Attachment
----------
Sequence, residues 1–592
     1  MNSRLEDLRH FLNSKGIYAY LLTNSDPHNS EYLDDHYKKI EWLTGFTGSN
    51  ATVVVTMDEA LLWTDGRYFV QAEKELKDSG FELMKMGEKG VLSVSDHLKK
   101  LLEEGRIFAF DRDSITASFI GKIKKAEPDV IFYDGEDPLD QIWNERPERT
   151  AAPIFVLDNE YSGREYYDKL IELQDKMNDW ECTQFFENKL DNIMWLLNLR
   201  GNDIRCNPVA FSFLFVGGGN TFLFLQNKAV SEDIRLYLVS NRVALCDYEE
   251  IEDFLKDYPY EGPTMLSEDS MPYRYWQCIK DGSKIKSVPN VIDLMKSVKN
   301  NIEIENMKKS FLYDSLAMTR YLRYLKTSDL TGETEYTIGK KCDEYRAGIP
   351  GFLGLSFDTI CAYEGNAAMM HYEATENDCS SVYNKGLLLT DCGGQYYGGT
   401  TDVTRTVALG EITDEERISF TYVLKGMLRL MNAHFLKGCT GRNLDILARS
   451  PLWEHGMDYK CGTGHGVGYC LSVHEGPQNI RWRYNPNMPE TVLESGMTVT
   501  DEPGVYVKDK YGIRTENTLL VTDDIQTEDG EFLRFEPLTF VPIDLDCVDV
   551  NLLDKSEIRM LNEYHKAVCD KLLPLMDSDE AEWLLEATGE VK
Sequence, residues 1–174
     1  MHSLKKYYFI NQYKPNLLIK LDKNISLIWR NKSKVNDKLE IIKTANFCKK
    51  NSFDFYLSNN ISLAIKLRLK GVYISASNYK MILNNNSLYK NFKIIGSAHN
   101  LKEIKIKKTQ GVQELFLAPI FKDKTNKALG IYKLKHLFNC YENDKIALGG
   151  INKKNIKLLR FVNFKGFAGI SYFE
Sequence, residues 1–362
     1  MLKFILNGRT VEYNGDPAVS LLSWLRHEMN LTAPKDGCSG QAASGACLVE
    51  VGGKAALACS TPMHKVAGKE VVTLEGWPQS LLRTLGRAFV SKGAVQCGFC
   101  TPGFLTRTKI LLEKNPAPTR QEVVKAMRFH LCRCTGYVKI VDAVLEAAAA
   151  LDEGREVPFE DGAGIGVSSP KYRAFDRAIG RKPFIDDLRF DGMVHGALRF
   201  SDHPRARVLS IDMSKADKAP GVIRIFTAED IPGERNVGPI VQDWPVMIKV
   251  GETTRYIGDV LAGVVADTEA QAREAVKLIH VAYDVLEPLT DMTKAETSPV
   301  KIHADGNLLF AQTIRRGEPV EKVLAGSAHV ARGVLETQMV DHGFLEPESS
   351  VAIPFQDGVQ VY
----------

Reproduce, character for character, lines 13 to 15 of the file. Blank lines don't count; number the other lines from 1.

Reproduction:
   551  NLLDKSEIRM LNEYHKAVCD KLLPLMDSDE AEWLLEATGE VK
Sequence, residues 1–174
     1  MHSLKKYYFI NQYKPNLLIK LDKNISLIWR NKSKVNDKLE IIKTANFCKK